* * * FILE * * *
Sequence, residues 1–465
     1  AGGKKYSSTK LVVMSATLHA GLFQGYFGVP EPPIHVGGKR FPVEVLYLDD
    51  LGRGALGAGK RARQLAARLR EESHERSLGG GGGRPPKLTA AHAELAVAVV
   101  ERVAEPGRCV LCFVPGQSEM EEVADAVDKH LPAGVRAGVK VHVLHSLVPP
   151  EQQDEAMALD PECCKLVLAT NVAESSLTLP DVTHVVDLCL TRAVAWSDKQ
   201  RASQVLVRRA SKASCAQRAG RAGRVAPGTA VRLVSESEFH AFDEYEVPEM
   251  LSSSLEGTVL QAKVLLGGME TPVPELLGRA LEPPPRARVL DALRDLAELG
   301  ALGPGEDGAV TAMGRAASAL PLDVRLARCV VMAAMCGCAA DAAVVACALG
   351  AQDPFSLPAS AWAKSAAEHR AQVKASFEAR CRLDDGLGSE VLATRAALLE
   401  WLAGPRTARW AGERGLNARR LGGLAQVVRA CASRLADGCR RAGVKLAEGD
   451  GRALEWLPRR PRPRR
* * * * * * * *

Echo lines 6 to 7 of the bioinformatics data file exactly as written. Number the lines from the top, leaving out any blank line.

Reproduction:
   201  RASQVLVRRA SKASCAQRAG RAGRVAPGTA VRLVSESEFH AFDEYEVPEM
   251  LSSSLEGTVL QAKVLLGGME TPVPELLGRA LEPPPRARVL DALRDLAELG